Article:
Emerging evidence has pointed to biological roles of melanoma-associated antigens (MAGEs) in cancer development, progression and resistance to treatment. However, the mechanisms involved remain to be fully elucidated. In this report, we show that one of the MAGE proteins, MAGE-D2, suppresses the expression of tumor necrosis factor-related apoptosis-inducing ligand (TRAIL) death receptor 2 (TRAIL-R2) and plays an important role in protecting melanoma cells from apoptosis induced by TRAIL. MAGE-D2 was commonly expressed at increased levels in melanoma cells compared with melanocytes. Although its inhibition by small interfering RNA (siRNA) did not cause cell death, it rendered melanoma cells more sensitive to TRAIL-induced apoptosis. This was associated with enhanced formation of TRAIL death-inducing signaling complex and up-regulation of TRAIL-R2, and was blocked by a recombinant TRAIL-R2/Fc chimeric protein or siRNA knockdown of TRAIL-R2. Regulation of TRAIL-R2 by MAGE-D2 appeared to be mediated by p53, in that knockdown MAGE-D2 did not up-regulate TRAIL-R2 in p53-null or mutant p53 melanoma cells. In addition, inhibition of MAGE-D2 did not result in up-regulation of TRAIL-R2 in wild-type p53 cell lines with p53 inhibited by short hairpin RNA. Indeed, knockdown of MAGE-D2 led to up-regulation of p53 due to a transcriptional increase. The regulatory effect of MAGE-D2 on TRAIL-R2 expression and TRAIL-induced apoptosis was recapitulated in studies on fresh melanoma isolates. Taken together, these results identify the expression of MAGE-D2 as an important mechanism that inhibit TRAIL-induced apoptosis and suggest that targeting MAGE-D2 may be a useful strategy in improving the therapeutic efficacy of TRAIL in melanoma.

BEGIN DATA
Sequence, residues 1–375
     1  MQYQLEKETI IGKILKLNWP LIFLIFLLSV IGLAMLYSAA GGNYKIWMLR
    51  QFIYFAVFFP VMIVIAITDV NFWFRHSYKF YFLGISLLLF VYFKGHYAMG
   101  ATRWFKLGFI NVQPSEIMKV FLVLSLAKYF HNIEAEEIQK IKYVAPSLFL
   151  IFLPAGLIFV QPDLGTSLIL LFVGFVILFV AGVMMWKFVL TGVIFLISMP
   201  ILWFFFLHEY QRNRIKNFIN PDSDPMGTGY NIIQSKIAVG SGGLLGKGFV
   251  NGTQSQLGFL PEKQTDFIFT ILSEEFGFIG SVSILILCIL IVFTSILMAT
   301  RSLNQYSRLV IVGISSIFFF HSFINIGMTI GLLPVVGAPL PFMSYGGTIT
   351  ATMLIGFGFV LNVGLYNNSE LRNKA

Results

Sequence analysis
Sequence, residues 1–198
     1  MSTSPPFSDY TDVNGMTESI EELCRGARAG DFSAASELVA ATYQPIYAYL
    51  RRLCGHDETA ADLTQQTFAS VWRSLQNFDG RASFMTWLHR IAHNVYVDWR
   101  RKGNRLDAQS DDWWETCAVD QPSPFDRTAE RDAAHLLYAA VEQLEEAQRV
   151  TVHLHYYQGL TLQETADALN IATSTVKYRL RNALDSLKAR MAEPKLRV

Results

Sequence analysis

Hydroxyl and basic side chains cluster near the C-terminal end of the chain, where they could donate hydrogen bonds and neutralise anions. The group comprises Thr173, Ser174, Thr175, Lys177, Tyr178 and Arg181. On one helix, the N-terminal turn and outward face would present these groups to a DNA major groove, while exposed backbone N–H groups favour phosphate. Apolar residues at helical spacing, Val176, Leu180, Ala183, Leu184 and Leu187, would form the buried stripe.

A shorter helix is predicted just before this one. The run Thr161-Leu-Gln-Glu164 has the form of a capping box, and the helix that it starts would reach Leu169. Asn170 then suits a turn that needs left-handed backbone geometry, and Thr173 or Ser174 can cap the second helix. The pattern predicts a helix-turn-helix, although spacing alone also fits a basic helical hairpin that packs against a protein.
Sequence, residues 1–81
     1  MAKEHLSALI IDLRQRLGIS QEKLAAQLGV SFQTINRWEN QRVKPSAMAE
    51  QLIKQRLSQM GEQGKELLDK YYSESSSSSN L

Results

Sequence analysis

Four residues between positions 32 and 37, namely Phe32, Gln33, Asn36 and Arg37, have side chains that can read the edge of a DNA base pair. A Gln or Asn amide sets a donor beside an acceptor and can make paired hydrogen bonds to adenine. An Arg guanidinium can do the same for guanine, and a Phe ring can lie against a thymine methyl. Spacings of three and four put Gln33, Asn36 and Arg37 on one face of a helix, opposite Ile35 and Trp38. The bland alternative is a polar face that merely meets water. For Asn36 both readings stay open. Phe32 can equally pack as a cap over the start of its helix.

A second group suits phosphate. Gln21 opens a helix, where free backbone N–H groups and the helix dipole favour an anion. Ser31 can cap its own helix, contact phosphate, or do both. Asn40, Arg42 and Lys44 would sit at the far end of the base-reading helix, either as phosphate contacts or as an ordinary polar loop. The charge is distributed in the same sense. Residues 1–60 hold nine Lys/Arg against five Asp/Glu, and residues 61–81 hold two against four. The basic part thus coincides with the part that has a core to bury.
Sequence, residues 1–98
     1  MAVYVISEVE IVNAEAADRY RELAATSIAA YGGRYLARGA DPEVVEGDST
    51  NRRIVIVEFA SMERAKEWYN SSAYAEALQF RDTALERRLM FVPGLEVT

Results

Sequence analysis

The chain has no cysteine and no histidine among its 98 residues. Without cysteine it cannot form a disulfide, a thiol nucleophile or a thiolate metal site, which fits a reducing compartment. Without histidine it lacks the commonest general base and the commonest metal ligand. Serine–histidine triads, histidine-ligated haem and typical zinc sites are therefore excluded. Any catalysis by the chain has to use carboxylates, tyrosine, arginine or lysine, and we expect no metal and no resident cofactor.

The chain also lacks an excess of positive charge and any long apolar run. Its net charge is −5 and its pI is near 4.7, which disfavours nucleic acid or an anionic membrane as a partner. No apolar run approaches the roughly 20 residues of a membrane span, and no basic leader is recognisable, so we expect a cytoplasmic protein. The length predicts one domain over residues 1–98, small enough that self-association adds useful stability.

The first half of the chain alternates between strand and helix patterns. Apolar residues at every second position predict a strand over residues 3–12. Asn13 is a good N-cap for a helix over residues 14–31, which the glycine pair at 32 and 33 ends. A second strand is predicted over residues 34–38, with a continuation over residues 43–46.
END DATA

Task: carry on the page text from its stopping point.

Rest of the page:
Journal Article. 6950 words. Illustrated.
Subjects: Clinical Cytogenetics and Molecular Genetics
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